Friday, 2 September 2016

On the BBC and the Big Apple.

During my leave of absence from blogging I found the odd programme that I could tolerate on the TV, usually at around 9pm. One of them was on BBC2 – a documentary about New York City.

Now, the thing is this: BBC2 was the first of the ‘culture’ channels in Britain. BBC1 generally did fairly sensible stuff, but Beeb2 was a cut above Beeb1 and mostly appealed to the more discerning viewer. That was why I was expecting the documentary about NYC to be about the soul of New York.

I wanted to know how the city functioned on all human levels, from the heroes of America Corps to the animal known as Trump. Instead, what I got was four chirpy presenters doing short sound bites, mostly around Midtown Manhattan, on the logistics of New York. They went jumping gleefully around saying things like ‘A thousand enquiries a day?! WOW!!!’ and irritated me greatly. It was all about how the city’s wage slaves keep the Big Apple juggernaut surging ever onwards, seemingly to very little purpose of any real significance. It certainly wasn’t about people being made sad or happy, and it certainly wasn’t about the soul of New York, not unless the soul of New York doesn’t really exist and the city is little more than a place where a few million people have to live because they can’t afford to buy a homestead in the woods of Oregon.

It wasn’t BBC2 standard, at least not as BBC2 is traditionally understood. It was a disappointment, and I imagine it was another victim of the Thatcherite mentality which is increasingly requiring the BBC to become more ‘commercial.’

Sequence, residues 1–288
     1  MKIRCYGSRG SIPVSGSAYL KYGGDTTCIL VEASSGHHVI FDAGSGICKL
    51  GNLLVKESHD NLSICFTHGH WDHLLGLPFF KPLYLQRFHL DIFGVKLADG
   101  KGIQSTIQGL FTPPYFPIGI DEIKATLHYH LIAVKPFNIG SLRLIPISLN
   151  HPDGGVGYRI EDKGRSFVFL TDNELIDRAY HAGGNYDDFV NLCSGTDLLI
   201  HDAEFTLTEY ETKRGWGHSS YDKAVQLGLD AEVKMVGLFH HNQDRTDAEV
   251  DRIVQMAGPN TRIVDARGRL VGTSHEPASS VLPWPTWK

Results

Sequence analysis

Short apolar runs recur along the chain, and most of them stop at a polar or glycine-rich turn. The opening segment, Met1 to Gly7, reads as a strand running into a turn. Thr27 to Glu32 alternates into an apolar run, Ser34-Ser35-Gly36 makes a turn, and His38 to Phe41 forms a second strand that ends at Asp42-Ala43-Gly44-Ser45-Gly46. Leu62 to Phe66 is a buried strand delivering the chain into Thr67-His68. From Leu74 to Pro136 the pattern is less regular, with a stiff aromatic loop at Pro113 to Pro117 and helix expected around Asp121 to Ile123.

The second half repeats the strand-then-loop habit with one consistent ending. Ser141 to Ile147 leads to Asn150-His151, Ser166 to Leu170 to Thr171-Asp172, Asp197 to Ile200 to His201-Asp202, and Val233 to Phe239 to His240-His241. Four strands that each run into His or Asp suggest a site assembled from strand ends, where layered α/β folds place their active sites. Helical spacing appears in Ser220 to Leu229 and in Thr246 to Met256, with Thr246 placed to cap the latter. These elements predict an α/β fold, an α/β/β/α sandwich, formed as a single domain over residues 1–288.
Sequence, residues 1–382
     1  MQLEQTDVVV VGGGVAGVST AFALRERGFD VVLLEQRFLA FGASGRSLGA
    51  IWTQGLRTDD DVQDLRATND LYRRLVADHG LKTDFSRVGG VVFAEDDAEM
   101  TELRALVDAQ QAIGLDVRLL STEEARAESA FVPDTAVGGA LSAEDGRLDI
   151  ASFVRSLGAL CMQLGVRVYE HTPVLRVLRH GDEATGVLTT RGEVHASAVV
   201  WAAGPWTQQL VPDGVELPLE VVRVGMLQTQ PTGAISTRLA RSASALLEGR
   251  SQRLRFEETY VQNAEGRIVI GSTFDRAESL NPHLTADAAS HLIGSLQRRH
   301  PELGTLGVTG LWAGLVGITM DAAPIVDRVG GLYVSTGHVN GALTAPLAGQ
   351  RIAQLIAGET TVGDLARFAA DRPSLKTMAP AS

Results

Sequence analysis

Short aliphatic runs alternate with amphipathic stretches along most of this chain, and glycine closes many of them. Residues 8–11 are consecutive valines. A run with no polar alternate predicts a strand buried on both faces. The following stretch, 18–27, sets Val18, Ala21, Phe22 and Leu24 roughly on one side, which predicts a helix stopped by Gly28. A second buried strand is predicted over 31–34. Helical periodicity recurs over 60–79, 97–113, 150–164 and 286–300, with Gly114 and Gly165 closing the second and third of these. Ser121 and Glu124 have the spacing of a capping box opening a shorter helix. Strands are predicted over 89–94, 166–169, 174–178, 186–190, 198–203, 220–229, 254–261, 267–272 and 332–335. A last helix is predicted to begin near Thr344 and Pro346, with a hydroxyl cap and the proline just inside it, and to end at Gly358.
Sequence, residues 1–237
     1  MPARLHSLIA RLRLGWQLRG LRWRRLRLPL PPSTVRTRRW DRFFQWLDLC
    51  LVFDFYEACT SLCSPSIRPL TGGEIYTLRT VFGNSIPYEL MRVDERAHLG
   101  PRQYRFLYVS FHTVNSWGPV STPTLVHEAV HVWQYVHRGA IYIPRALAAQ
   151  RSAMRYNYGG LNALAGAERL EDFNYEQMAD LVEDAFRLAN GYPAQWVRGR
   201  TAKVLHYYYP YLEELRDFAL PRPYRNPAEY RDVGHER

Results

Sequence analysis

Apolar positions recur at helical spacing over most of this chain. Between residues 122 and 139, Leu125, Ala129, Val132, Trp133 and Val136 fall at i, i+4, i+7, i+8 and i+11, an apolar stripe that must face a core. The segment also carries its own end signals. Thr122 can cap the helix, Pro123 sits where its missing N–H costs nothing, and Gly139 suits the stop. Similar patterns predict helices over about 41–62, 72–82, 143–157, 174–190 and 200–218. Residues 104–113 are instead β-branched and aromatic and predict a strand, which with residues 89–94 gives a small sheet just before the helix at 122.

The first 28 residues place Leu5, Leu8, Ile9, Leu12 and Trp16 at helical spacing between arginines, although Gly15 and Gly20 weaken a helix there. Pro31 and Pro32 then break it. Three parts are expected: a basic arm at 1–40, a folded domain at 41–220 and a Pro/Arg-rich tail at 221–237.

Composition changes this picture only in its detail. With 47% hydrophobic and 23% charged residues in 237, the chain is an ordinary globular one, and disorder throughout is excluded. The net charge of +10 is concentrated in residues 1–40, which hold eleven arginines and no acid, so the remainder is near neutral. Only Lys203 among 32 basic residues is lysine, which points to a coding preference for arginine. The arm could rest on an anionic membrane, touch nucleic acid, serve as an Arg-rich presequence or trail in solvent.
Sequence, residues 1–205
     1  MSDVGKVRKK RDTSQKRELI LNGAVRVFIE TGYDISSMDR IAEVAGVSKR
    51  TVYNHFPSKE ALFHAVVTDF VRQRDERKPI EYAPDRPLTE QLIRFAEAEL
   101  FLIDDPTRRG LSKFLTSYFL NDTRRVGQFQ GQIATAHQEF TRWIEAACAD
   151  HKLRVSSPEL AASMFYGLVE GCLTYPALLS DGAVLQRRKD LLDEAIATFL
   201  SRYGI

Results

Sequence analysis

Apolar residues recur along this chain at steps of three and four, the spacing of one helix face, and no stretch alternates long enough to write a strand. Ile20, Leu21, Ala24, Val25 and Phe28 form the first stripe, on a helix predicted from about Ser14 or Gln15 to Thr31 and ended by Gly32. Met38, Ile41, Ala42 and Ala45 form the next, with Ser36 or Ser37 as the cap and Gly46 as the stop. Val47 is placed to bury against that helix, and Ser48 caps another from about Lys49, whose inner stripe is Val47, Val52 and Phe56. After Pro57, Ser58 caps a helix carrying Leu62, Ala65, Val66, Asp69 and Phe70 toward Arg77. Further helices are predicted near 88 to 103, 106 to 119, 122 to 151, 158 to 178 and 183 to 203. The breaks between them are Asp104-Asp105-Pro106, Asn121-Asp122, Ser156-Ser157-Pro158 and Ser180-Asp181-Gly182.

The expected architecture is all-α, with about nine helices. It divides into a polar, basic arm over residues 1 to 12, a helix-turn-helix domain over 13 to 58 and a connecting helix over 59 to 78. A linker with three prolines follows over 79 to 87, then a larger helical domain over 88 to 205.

Let’s make something clear: The BBC is not, and never has been, a commercial institution. That’s why we have a TV licence system in Britain; it’s there to pay for the BBC so that one revered institution at least can be shielded from the sort of commercial pressures applied by the likes of advertisers and their ilk (even though it doesn’t, unfortunately, shield Auntie Beeb from unwelcome government interference. See the sad story of Tony Blair and Dr David Kelly for evidence of that.)

And all of this is, I think, a shame. And I continue to believe that NYC does have a soul, knowledge of which would be fascinating to a discerning viewer. But it seems there just aren’t enough discerning viewers to make the dissemination of that knowledge a sufficiently commercial proposition. The principle most revered by the Thatcherite mentality was imported direct from America, and has become the leading light of 21st century attitudes: It don’t count unless it sells.

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